What LSATMax features are liked best by your students?
Our students love the freedom and control they have with our app. Lifetime access and content on-demand 24/7.
Our most popular features include:
- Whiteboard video lessons – detailed whiteboard video lessons that review proven strategies for every question type and concept that appears on the exam.
- Real-time message boards – the message boards give students 24/7 access to their instructors. At any time of the day, students can post to the live message boards and receive explanations from our world-class instructors.
- Detailed Analytics – the app tracks students’ progress through the course and highlights their strengths and weaknesses, allowing them to customize their prep to their specific needs and maximize their precious study time.
What is your best piece of advice for students preparing to take the LSAT?
Never settle! With law school applications at an all-time low, your LSAT score is more important than ever. Work really hard at dedicating your free time to LSAT prep. A high LSAT score can open so many doors for you, both academically and financially.
Remember, nobody thought I was going to Harvard Law after scoring a 148 on my first practice LSAT. And I wouldn’t have if I settled with my LSAT score.
What one thing do you wish all LSAT candidates knew before starting your course?
We’ve incorporated technology into your LSAT prep for a reason. Through our experience we have seen how helpful an app can be to a student’s improvement. I want students to utilize the app to its fullest capacity, rather than merely watching the video lectures.
Input your homework and practice LSATs into the app to take advantage of the personalized analytics. Utilize the live in-app message boards to discuss topics with each other and with your instructor. Though LSATMax is a remote learning process, we still strive to foster a community of students and instructors who can discuss various topics and concerns ranging from specific LSAT questions to law school admissions.
I would recommend watching the Intro to LSATMax video before starting our course to fully understand LSATMax’s features and capabilities.
Which LSAT topic do your students currently find the most challenging?
It’s different for everyone but I will say that students find the Reading Comprehension section of the exam the hardest to improve on. Reading comprehension is subjective. How each person reads and analyzes material is different. For some, highlighting is key, for others, it’s underlining. We encourage students to read well-written periodicals in their free time to help hone their reading comprehension skills. This is why we offer our Premium course students a 12-week digital subscription to The Economist.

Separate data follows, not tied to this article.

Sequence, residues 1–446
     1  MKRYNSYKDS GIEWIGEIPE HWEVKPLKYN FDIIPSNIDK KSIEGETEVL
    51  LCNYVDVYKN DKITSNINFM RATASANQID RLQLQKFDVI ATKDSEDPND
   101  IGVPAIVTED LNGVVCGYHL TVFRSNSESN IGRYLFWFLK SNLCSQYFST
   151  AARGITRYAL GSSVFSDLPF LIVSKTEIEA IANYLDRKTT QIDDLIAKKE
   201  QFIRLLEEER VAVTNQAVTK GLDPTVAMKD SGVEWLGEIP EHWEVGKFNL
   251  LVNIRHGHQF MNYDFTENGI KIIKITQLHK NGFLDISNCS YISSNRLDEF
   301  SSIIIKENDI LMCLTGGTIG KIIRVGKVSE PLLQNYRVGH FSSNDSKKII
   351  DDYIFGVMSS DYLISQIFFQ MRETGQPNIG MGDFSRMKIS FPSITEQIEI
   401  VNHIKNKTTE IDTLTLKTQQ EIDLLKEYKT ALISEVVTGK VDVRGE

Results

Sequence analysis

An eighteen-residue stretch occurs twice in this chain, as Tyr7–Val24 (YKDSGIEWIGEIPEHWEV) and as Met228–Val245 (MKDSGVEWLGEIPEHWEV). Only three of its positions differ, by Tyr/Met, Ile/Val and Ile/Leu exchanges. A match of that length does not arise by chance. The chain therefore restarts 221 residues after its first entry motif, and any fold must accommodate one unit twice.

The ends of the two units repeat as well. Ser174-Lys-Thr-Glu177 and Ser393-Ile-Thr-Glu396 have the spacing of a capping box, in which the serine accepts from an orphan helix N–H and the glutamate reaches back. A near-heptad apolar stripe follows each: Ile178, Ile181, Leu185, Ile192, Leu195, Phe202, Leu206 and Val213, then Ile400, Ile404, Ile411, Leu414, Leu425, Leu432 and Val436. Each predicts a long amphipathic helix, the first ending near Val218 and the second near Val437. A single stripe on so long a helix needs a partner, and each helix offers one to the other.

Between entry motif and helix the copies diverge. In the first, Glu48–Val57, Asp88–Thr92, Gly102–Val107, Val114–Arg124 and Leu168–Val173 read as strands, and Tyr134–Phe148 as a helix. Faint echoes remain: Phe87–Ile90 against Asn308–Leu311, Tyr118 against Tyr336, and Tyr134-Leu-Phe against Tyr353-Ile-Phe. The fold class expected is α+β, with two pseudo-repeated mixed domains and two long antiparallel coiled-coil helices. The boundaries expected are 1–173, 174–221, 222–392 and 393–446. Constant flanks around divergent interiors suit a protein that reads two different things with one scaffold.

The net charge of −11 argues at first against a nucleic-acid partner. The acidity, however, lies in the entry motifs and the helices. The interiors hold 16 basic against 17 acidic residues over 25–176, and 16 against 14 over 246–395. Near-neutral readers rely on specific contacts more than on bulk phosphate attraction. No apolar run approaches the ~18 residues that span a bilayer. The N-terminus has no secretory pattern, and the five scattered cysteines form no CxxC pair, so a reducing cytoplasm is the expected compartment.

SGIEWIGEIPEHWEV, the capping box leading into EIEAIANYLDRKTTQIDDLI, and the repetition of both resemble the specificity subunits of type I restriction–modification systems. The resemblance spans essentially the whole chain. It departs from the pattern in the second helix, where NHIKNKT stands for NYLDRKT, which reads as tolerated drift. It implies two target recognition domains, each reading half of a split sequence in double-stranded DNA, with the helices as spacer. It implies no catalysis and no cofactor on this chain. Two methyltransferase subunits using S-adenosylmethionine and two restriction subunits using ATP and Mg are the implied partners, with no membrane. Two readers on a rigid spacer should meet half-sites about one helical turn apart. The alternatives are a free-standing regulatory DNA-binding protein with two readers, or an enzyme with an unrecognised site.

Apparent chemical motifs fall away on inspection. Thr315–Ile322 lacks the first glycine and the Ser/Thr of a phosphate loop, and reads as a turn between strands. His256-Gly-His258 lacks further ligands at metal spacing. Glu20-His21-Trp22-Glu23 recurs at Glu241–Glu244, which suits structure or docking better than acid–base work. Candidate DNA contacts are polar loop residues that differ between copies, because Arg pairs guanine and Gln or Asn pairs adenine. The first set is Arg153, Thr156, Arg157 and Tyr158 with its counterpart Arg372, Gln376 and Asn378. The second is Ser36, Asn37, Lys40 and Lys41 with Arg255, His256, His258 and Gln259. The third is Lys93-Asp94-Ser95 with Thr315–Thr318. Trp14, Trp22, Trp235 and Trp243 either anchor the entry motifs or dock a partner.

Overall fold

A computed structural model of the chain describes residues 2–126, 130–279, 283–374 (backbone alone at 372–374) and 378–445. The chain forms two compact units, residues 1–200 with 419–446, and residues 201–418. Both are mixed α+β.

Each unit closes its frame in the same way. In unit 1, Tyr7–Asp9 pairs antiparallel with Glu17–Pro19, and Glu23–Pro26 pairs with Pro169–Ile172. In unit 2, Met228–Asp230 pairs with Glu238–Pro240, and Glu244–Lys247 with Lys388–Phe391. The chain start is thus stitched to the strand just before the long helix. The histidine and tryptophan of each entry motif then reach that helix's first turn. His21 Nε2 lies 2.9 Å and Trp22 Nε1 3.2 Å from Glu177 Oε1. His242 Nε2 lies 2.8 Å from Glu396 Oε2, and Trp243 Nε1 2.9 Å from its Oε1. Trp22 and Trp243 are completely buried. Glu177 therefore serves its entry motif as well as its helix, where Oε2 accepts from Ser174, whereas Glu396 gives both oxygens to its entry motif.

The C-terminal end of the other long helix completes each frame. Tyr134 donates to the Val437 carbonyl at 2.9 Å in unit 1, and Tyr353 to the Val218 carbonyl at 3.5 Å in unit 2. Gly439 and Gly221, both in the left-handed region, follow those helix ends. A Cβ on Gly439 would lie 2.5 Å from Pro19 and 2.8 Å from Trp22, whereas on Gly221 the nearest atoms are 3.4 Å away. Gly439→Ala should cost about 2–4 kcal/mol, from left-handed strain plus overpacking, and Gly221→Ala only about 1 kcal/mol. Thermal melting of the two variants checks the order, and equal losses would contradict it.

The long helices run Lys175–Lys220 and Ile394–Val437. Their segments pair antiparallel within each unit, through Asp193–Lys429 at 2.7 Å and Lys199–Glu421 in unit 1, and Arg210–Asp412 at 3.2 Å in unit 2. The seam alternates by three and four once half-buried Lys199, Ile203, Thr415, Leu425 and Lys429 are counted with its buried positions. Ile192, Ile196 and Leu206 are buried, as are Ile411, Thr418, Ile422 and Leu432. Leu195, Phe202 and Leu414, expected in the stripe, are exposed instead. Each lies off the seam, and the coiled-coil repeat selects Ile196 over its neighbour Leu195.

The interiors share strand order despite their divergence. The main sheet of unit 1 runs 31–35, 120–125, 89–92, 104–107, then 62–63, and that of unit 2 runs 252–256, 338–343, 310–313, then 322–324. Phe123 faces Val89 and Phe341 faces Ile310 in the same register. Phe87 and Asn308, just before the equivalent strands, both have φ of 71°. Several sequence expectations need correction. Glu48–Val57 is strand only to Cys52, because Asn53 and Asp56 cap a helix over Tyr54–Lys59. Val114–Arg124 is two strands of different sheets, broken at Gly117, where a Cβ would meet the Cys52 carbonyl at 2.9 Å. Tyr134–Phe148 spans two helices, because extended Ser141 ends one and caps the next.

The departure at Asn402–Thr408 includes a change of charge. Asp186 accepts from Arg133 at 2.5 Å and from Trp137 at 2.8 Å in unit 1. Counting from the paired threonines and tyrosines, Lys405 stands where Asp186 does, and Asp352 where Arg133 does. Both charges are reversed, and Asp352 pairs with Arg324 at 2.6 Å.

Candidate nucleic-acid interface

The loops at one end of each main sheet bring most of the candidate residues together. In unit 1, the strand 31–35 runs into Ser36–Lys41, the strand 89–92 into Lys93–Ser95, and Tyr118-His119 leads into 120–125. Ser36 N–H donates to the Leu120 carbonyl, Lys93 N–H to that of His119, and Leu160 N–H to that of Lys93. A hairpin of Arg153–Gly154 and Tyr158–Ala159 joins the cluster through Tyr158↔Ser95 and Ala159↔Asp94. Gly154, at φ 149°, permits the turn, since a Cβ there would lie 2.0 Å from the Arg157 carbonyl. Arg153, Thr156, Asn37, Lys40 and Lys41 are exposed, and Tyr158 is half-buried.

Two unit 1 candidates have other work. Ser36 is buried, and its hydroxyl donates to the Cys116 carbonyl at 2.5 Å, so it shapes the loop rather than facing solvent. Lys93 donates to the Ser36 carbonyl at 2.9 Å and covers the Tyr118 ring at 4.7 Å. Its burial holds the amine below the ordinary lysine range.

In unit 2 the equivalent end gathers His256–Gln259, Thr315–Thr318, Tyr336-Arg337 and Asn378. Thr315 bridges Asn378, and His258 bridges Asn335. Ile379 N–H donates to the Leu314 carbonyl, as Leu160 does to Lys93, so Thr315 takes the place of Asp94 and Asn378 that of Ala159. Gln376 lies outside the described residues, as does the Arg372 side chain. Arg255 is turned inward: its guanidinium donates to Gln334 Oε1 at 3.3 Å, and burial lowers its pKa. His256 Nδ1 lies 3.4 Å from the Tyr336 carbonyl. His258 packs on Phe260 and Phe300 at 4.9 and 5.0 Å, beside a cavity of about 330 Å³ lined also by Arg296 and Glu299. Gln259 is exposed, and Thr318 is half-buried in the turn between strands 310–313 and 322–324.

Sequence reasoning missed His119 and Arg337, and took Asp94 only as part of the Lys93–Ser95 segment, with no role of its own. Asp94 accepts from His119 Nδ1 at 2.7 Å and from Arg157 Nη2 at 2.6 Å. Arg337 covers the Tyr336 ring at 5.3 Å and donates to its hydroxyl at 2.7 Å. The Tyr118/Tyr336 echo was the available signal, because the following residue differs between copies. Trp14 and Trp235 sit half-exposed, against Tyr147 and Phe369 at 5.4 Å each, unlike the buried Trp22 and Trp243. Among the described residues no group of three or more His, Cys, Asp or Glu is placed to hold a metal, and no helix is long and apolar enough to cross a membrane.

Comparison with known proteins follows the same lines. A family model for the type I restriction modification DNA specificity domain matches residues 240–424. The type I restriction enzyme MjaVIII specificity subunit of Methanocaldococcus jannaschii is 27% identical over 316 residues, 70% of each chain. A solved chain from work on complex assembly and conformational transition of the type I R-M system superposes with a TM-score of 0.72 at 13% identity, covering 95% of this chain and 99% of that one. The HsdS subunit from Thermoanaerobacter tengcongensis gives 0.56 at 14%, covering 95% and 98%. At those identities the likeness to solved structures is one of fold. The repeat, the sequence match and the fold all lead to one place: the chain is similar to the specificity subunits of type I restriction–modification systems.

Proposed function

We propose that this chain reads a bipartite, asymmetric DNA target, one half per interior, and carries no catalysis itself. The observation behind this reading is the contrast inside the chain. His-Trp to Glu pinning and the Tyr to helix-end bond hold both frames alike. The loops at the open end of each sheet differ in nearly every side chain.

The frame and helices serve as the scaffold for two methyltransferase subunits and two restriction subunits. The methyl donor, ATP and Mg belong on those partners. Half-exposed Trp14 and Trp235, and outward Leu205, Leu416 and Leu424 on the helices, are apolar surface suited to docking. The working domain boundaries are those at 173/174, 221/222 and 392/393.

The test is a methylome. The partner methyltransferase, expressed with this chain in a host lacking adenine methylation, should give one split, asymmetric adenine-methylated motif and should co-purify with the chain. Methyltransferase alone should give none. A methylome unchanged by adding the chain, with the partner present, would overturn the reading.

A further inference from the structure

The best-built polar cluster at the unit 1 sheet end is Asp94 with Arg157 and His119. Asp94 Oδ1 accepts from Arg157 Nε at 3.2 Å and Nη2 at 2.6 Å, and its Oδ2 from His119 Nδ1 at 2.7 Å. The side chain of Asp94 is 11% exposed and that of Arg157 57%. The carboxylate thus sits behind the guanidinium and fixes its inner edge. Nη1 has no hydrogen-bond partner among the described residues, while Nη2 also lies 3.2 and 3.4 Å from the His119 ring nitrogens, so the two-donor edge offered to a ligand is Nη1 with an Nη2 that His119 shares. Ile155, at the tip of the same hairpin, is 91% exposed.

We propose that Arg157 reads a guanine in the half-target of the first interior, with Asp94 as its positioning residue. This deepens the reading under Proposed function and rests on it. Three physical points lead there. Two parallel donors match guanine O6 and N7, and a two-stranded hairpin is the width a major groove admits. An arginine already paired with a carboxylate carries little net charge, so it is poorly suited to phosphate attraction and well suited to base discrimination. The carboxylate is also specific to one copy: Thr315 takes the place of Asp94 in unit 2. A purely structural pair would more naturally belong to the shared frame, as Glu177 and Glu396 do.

The Economist offers well-written articles that are about the length of Reading Comp passages and across a broad range of subjects, including topics that you could care less about. Improving your reading comprehension abilities will not only help you on Reading Comp, but also on the Logical Reasoning sections.
How much time do you recommend students spend preparing for the LSAT with your course?
At LSATMax, we give our students lifetime access, so all of our students have as much time as they need to reach their target score.
We do send out a master calendar for each exam, which is set at a little over three and a half months. This is the longest calendar we have, i.e. it is the ideal calendar for students who have a lot of time to dedicate to their prep.
But, this calendar includes with almost seven full weeks of practice and review time; so students who get started later can always adjust the calendar accordingly. My biggest piece of advice is never to rush your prep. Getting a high LSAT score is exponentially worth the extra time you may need to put in to earn it.
What’s the biggest change you’ve seen in the LSAT and in the test prep industry over the last few years? What changes do you anticipate in the future?
I think slowly students are realizing how unnecessarily expensive and inefficient LSAT prep courses have become. It’s time to start asking critical questions. What am I paying for? Where are these questions from? Why are you cutting off my access?
I believe students are realizing that mobile learning is the way of the future—not only does it give you more control of your prep, but it also allows for a far more efficient prep strategy. Students should no longer be tied to the schedules of their instructors. They shouldn’t have to waste time commuting to and from an LSAT prep course that teaches to the mean. Within the next few years, I anticipate a big shift towards mobile within the entire test prep market.
What do you do for fun when not teaching/working? Or, how do you relax?
I enjoy spending time with my friends and family.
Favorite Quote? Why do you like it?
“All truth passes through three stages. First, it is ridiculed. Second, it is violently opposed. Third, it is accepted as being self-evident.” – Arthur Schopenhauer
This quote really captures what we have experienced with our idea to replace traditional in-class prep with mobile apps.